In Guanba valley, the forest covers 133 square kilometers (51 square miles), and its ownership is complicated. Because the local Pingwu Forestry Bureau doesn’t have enough staff to patrol the entire region, Guanba village set up its own community patrol team in 2009. It pays for the team with the annual subsidies it receives from both the central and provincial governments to compensate for the economic losses caused by the protection of local forest. (Most other communities simply split the subsidies among residents.) The enhanced supervision has cut down on illegal activities within the protected areas.
In China, there are a total of 60,000 such community protection programs employing various methods, with around 300 of them in Sichuan Province. Guanba is a particularly successful model; most of the other programs nationwide remain in nominal existence, having been set up by local governments but without sound mechanisms or funding sources.
Feng Jie, Shanshui Conservation Center’s program officer in charge of the Guanba project, told Mongabay at his office in Chengdu that self motivation is the key force driving the Guanba village community to protect its environment.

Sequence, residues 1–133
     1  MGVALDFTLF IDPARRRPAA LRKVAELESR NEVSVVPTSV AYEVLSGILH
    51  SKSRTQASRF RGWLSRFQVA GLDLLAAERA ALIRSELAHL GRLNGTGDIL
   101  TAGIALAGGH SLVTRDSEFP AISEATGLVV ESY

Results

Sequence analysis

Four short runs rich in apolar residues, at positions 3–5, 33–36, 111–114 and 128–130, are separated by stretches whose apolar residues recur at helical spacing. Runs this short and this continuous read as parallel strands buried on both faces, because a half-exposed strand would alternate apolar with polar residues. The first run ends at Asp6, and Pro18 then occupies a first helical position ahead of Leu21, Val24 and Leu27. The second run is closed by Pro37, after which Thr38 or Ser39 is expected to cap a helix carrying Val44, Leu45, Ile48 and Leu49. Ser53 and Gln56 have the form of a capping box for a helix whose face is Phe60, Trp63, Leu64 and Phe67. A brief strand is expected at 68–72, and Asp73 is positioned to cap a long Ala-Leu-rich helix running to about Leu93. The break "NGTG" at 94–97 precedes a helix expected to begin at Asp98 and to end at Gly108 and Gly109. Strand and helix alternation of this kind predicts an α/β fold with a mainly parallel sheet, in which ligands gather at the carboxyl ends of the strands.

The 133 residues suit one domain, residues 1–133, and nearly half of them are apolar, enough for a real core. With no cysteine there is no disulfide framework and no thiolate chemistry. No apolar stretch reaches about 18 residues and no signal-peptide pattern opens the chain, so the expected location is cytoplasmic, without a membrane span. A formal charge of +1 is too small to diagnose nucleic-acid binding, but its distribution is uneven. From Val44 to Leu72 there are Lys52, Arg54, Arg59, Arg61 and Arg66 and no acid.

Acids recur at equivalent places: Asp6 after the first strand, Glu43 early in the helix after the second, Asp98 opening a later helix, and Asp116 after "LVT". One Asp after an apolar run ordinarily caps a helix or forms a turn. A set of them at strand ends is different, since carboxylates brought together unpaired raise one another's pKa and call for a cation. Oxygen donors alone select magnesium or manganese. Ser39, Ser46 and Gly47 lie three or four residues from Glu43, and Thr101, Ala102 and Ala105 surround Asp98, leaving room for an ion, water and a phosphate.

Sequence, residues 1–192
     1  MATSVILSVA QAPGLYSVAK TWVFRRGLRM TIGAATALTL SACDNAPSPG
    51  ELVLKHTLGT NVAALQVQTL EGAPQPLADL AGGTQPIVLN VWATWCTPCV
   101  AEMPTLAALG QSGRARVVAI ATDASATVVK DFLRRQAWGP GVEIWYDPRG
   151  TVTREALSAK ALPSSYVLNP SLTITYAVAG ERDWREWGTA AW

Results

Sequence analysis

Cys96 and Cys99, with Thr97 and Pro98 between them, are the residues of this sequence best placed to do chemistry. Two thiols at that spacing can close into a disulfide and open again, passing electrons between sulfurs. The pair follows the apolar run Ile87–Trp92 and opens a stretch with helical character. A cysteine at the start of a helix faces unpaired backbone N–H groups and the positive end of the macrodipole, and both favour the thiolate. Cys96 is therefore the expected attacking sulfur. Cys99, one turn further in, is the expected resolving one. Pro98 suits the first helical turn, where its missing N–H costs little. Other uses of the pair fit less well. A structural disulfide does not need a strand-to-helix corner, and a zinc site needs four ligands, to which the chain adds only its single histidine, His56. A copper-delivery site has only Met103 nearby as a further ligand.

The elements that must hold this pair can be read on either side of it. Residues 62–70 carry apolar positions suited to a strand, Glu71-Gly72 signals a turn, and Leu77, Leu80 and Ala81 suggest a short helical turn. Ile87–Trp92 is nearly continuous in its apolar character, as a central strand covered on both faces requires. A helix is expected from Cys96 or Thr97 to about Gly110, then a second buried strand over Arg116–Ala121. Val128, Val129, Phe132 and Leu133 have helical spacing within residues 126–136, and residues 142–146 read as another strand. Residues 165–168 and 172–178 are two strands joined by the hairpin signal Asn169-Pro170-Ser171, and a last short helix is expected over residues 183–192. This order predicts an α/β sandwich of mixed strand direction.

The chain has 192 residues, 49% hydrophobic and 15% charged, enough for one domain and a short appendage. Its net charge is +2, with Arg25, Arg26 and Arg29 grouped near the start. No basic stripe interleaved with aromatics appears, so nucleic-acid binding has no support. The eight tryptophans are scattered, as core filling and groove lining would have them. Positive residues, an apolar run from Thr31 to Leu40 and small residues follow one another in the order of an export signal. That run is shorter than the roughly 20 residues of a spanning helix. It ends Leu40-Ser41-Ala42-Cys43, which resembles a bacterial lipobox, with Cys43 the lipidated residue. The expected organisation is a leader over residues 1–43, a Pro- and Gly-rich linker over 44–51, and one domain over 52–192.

“The limited government subsidy for forest protection each year can hardly meet the real loss villagers incur from deprived livelihoods. So enabling the community to directly benefit from protection can arouse their motivation,” Feng said.
“In the case of Guanba, the honey, fish, and walnut industries are all closely linked with water and forest,” he said.
For communities, sometimes economic development and natural-resource protection can benefit rather than contradict each other; the trick is to find the balance between the two with a stable and financially sustainable model. Guanba village comes close, but its honey cooperative does not generate enough income to support all of the villagers. Li Xinrui, Qiao Liang, and other locals hope that by adding walnut cultivation, fishing, and other initiatives they will be able to sustain themselves while still preserving their environment.
Tiny hamlets take giant steps to save India's Red Panda
26 May 2016